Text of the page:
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Side Effects of Bankruptcy

If you’re considering a personal bankruptcy filing, you're probably concerned about how filing for bankruptcy might affect other areas of your life. While it's true that bankruptcy might have an impact on parts of your life other than how much money you owe your creditors, you may not be aware of what those impacts could be.

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Bankruptcy & Your Credit

One of the things most directly affected by a bankruptcy filing is your credit. Here's a look at how filing for personal bankruptcy protection might affect your credit rating and how potential creditors view you as a credit risk.

  • Debt & your credit score: In the months leading up to bankruptcy, when you’re likely falling behind on some payments and the amount you owe your creditors is rising higher and higher, your credit score is probably dropping. This is because credit is affected by a number of factors, including your credit-to-debt ratio, your history of making payments and the diversity of types of loans you have active.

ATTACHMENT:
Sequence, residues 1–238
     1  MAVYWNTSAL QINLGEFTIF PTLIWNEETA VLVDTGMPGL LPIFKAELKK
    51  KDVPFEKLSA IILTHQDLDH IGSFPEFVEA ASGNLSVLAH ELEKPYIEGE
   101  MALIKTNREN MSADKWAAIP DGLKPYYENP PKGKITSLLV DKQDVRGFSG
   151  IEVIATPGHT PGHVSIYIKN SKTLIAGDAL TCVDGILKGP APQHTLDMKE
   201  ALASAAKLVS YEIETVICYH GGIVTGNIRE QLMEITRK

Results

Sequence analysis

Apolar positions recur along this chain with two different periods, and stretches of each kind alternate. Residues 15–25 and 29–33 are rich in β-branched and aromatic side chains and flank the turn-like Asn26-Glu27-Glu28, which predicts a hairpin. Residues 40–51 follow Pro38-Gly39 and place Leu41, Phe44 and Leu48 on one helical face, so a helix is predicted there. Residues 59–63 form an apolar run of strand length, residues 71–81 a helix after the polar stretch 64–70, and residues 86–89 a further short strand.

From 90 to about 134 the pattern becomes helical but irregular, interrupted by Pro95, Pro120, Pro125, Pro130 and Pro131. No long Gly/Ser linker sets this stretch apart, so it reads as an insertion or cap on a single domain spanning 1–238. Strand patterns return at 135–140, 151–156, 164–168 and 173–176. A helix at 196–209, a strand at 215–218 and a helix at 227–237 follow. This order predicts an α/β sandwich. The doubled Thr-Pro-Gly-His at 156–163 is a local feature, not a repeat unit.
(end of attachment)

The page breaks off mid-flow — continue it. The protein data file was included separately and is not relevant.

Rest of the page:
• Your credit score in bankruptcy: When you file for bankruptcy, it shows up on your credit report as a negative action and will likely hurt your ability to secure loans. But, if you truly need the protection of the bankruptcy court, your credit score probably wasn’t that strong in the first place. And the impact that a bankruptcy filing will have on your overall credit will fade as time passes.
  • Rebuilding credit after bankruptcy: One of the most important things you can do as you make the transition from bankruptcy protection to post-bankruptcy life is to rebuild your credit. Taking steps to re-establish yourself as a good credit risk can mean the difference between getting loans when you need them and being left high and dry.

Bankruptcy and Employment

One reason some people worry about filing for bankruptcy protection is because of the potential impact it might have on other aspects of their lives. As many people know, it’s common practice these days for employers to view the credit report of a potential employee before making a hiring decision. Bankruptcy could affect your employment opportunities so be prepared for your potential employer to view your credit; otherwise, and you can ask your bankruptcy attorney about how a bankruptcy might affect your employment opportunities in your chosen field and in your state.

Learn about Potential Bankruptcy Side Effects from a Lawyer Near You

If you’re ready to make a decision about whether bankruptcy is the right move for your finances, it may be time to consult with a bankruptcy lawyer practicing in your area.